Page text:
Next time a fan tells you he's a "diehard" or that she "lives and dies" with her team, feel free to tell the story of Pat Celesnik and the Penguins.
Last April the 59-year-old Celesnik was at home in Derry, Pa., 40 miles east of Pittsburgh, packing for a trip to see her newborn granddaughter, when her heart began thumping erratically. She was rushed to a hospital, where doctors diagnosed atrial fibrillation and performed a heart catheterization. Two days later she collapsed on her kitchen floor. Back at the emergency room, her internal organs began shutting down like lights in an office building at the end of the day. The artery used for the catheterization had opened. Blood trickled out of her ears, seeped from her eyes and pooled in her stomach. Doctors induced a coma. Eventually, Pat went into cardiac arrest. For the better part of a minute she was, medically speaking, dead. Once revived, she faced a grim prognosis. Four times over the next week a different priest delivered last rites.
Still, Pat hung on, her bed ringed by her husband of 35 years, Ray, and their three children. If Pat survived, doctors said, she might never breathe again without a ventilator, much less walk. Finally, two weeks after collapsing, doctors brought her out of her coma. In her weakened condition, Pat could only mouth words. Her first were: Is there a hockey game on tonight?
"You'd think she'd say, 'What's going on?' or 'What happened?'" says her youngest daughter, Mandy. "But once we told her there was a Penguins game, it was like she was content. I was so relieved that I didn't care."
November 2, 2009
In one sense her question was not all that surprising. A longtime Steelers and Penguins fan, Pat had one of those marriages in which the husband was the one asking when she was going to turn off the darn game. And the last Pat knew, her Pens were an underperforming team rocked by midseason turmoil, including the firing of coach Michel Therrien. For a stretch, they had played so poorly that they dropped out of playoff position.
Now, faced with a long recovery, Pat followed the Pens as never before. Surrounded by posters of Sidney Crosby and Evgeni Malkin (drawn by her niece's husband, a huge fan), she scheduled extra naps to conserve energy on nights that Pittsburgh played, asking the nurses to hold off on her antianxiety pills, the ones that allowed her to drift off to sleep among a tangle of tubes and wires and fears. "After the company would leave at night, I would start to think, and that was a bad thing because I would get very anxious," says Pat. "The games took me to another place."
The weird thing was, Pat's progress began to parallel that of the Pens. Pittsburgh made the playoffs and was up 3--2 against the Flyers; the next day Pat took her first gulps of air without a ventilator. The Penguins fought past Philly in the first round; a few days later Pat left the ICU for acute care. The Pens rallied from two games down to beat the Capitals in a thrilling seven-game series; Pat began taking her first real food, applesauce from a cup. When Pittsburgh dropped the first two games of the Stanley Cup finals to the Red Wings, however, she endured a string of lethargic days. Recalls Pat, "Then the game after that they won, and I thought, O.K., we're going to be all right."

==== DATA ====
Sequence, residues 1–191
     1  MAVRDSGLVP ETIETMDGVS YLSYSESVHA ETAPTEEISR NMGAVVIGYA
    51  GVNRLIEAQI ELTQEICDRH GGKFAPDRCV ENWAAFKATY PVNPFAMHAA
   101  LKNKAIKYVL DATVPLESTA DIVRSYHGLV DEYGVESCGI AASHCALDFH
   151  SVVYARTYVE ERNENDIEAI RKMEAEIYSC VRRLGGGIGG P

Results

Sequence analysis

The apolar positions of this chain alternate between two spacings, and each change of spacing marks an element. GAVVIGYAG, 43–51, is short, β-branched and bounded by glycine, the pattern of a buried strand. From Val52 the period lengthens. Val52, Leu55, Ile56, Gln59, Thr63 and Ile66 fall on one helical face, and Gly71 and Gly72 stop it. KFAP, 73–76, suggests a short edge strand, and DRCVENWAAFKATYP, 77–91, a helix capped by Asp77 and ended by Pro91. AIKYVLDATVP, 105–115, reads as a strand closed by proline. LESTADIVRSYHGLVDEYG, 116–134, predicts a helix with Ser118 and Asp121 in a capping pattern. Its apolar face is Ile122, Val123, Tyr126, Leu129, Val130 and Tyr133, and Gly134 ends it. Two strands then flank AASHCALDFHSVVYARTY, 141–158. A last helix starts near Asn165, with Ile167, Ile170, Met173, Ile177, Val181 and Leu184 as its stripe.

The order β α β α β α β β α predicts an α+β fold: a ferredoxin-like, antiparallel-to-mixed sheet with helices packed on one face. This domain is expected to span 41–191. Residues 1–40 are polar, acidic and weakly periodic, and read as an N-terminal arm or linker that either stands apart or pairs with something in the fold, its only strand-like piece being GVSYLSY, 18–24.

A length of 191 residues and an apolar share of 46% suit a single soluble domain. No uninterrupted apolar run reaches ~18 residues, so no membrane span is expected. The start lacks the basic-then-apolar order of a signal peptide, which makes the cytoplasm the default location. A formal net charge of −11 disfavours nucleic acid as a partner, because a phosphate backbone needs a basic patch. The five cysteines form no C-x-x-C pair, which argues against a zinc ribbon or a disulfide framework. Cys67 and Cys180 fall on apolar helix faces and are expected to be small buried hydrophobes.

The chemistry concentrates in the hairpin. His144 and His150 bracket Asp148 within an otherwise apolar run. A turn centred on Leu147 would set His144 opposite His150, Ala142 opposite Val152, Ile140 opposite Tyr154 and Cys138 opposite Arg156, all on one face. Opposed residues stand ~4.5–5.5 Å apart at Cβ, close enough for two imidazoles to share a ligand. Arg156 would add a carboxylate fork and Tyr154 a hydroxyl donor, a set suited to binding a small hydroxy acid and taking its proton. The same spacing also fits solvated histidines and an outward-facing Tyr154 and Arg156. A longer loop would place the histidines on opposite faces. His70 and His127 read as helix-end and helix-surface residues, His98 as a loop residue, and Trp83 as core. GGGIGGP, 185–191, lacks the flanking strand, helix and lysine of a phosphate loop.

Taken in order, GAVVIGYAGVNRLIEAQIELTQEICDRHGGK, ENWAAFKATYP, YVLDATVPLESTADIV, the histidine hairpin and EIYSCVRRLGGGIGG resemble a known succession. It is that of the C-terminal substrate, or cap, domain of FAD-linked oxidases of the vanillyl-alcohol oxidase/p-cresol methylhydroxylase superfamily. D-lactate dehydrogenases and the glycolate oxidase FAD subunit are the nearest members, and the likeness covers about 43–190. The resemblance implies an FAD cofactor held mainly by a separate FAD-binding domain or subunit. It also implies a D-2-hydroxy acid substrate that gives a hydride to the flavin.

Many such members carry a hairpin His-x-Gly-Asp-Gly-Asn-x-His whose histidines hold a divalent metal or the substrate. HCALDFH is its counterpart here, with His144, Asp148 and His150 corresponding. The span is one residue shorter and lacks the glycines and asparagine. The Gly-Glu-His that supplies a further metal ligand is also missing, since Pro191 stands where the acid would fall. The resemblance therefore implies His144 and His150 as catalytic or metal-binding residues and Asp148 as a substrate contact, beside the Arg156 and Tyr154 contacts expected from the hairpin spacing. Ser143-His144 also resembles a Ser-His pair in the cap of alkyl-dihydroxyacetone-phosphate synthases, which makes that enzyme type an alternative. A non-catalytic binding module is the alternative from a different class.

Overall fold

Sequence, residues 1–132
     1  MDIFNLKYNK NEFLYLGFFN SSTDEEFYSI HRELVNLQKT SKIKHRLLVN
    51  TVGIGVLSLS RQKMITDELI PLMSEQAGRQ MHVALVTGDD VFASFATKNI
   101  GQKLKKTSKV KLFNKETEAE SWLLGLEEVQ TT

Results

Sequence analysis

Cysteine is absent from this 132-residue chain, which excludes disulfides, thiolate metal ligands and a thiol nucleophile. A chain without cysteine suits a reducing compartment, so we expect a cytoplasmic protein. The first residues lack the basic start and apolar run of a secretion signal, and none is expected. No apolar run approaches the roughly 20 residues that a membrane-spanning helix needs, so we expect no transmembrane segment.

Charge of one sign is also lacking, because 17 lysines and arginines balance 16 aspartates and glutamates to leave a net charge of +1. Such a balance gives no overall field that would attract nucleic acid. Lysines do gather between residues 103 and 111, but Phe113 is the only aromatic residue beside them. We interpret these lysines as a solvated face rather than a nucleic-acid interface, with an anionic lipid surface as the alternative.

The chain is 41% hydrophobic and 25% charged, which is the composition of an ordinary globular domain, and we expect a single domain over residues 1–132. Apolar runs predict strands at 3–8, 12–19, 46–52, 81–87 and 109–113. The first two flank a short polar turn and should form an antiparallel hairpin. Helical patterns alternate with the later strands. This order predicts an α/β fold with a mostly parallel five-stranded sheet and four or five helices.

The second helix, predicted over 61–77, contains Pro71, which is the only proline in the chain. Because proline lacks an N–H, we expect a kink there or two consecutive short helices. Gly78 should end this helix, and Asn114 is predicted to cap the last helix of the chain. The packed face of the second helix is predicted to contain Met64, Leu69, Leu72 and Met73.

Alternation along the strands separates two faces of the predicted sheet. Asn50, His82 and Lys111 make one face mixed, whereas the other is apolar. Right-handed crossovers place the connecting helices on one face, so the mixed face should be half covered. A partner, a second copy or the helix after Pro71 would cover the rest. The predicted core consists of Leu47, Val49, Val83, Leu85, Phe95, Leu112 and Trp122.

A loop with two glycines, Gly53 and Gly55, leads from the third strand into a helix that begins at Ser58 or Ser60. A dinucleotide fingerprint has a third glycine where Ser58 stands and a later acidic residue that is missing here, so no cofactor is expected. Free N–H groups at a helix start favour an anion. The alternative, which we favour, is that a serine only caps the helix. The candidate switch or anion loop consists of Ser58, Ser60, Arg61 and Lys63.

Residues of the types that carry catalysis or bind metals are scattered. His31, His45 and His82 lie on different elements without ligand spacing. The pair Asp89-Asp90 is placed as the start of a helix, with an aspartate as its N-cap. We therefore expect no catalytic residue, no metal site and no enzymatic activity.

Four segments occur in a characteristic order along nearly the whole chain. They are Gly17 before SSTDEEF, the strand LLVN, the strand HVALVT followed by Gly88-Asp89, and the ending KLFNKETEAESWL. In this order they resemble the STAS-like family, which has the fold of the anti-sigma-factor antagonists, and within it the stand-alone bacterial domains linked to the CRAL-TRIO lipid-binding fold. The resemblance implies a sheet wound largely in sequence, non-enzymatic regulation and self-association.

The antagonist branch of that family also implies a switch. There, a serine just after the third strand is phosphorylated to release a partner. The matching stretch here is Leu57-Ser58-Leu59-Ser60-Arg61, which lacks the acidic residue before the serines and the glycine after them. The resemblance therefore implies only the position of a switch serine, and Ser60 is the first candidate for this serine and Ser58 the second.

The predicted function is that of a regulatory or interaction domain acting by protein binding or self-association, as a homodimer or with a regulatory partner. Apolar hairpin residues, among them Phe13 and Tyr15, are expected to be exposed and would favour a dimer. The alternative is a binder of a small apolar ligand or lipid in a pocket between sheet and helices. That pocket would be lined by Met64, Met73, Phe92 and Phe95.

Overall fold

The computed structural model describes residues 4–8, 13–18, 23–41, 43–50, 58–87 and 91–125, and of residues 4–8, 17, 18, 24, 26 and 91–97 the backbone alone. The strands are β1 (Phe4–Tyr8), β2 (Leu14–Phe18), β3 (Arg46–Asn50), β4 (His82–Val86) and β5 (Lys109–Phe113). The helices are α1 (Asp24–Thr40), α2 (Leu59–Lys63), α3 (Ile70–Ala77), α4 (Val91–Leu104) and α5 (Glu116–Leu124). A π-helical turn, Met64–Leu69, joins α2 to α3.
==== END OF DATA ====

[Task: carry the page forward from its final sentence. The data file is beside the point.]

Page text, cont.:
And they were, on both counts. Come Game 7 in Detroit, it was bedlam in Pat's room—or as much bedlam as an immobile 59-year-old can stir up. Her doctor stopped in to watch, while the nurses whooped like a bunch of teenagers as Pittsburgh won 2--1. ("We were maybe a little bit more noisy than we should have been," allows Pat with a giggle.) It was as good as Pat had felt in months. And so it was that, around the same time the Pens were hoisting the Cup, Pat was taking her first triumphant steps without a walker. Two weeks later she was not only walking by herself but had also been released from the hospital. When her niece paid a visit with her husband (the poster maker), Pat asked them to wait at the front door until she could labor upstairs with Ray's help and return in a black, glittery Penguins shirt.
Hockey didn't pull Pat through, of course; that was her will, her doctors and the support of more than a hundred friends and family members. But who's to say the Penguins didn't play a role? If teams draw strength from their fans—there's a reason it's called home ice advantage—why can't the opposite be true?
These days, the Pens are first in the East, and Pat is getting better. She still receives her nutrients through a PICC line that disappears into her left arm, but she can take short walks, drive and even do light housework. She focuses on small, achievable goals: to brave the mall again, to visit her granddaughter. There's one more too: In all these years Pat has never been to Mellon Arena for a game. Once she regains her stamina, maybe as soon as this winter, her best friend has promised to take her.
Pat's arrival at the Igloo would be only fitting. After all, the Penguins were there for her; the least she can do, she figures, is return the favor. "It was funny how we started doing better at the same time," she says of her team's comeback. "Like we were in it together."
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Pat's progress began to parallel that of the Penguins. They were up 3--2 in the first round; the next day she took her first gulps of air without a ventilator.